That's why those of us who like to drive our cars fast spend a lot of money on safety equipment. However, all too often I see how well-intentioned modifications to the car's safety systems end up making the vehicle less safe for the driver and the passengers.
Before I get into all the ways to go wrong, let me start with an example of a correct race car safety system.
These days, a closed-wheel race car will most likely have a roll cage, a containment seat, and driver restraints such as the 5- or 6-point harness, a helmet, and a HANS device. There are more things to it, like window and center nets, and hand tethers, but I will only concentrate on the essentials here.
The roll cage does what its name promises, namely prevents the roof and the sides of the car from collapsing if the car rolls over. It also adds stiffness in case of collision with other vehicles. The cage is rigidly bolted or ideally welded to the car's frame.
A good racing seat will fit the driver snugly and support and protect her head, shoulders, ribcage, back, and legs. Ideally, the seat will be also firmly mounted to the car's frame.
Once these two things are in place, you strap in the driver with a racing harness, which is hooked up to the car's frame at the bottom and the roll cage at the shoulders.
Noticing a pattern there? Everything is somehow attached to the car's frame.
This means, that when the car stops abruptly (by say, hitting a tire barrier or a wall), everything that is firmly attached to the frame will stop as well. That includes our driver.
This is where the HANS device becomes important. HANS stands for Head And Neck Support, and what it does is keep the driver's head from continuing to move (and snapping off) when the rest of the body has come to an abrupt stop when the car hit that wall.
I find it ironic that it does not take a breakneck speed to break your neck. In a head-on impact against a wall, as little as 30 mph may kill you just like that.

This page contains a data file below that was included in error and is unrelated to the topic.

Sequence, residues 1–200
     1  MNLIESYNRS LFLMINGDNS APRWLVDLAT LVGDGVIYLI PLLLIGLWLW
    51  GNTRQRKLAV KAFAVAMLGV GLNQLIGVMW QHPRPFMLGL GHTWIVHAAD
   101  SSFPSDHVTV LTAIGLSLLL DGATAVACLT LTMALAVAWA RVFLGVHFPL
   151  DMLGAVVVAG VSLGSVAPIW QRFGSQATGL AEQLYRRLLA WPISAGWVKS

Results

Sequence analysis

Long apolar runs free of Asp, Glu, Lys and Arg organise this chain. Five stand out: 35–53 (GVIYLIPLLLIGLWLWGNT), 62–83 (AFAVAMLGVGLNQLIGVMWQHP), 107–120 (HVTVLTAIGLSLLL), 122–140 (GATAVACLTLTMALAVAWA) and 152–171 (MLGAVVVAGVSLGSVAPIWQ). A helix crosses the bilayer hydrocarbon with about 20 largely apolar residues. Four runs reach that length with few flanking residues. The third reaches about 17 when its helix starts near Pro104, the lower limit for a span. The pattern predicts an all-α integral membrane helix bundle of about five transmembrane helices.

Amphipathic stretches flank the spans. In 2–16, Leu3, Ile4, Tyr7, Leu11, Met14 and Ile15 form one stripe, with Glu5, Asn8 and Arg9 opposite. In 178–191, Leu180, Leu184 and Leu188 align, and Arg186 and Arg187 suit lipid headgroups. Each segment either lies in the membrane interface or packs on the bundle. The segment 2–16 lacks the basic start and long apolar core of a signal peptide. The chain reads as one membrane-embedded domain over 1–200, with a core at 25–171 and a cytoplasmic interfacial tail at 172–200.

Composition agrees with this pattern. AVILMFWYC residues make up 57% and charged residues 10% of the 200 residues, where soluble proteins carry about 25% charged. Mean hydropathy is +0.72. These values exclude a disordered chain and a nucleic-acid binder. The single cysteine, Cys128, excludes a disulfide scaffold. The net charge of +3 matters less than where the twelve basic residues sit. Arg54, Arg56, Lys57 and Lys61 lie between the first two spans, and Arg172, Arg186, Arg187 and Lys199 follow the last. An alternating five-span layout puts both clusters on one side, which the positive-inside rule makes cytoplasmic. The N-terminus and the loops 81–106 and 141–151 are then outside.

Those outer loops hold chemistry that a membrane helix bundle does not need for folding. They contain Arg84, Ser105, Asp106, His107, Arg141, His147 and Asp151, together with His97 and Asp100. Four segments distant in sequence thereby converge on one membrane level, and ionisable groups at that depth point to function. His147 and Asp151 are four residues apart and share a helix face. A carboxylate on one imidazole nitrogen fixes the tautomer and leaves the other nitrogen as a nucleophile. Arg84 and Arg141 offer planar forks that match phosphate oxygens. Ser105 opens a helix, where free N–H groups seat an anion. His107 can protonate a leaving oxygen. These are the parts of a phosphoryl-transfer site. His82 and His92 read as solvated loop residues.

To see what I mean, check out this video showing how much a HANS device restricts the forward motion of the head in a frontal impact at 50 kph (31 mph).
Having seen this, imagine for a moment what adding a racing harness to a stock car would do. Unless you pick the DOT-approved 4-point, which has a seam in one shoulder belt that is designed to expand, allowing for your body to twist and move forward in an impact, you have just made your car not safer, but more dangerous than it was with the factory 3-point belts.
Adding a harness to a street car is a popular modification in the import tuner scene, but this one is not as harmless as body kits, neon, and loud exhausts.
The 3-point restraints that you know from your daily driver are asymmetrical, and allow your body to lean forward and to twist, preventing spine and neck injury that would happen if you were rigidly strapped to your car (such as with a 6-point). An improper 4-point belt will also squish your internal organs, to make matters more entertaining for you.
Now while I am on a roll, let me say that same goes for putting roll bars in cars where your unprotected head may come in contact with the bar in a crash. This is why I always advise people against aftermarket bars unless they are either a) too short to ever reach it, even if the seat collapses in a rear-end collision, or b) will wear a helmet at all times while the car is in motion.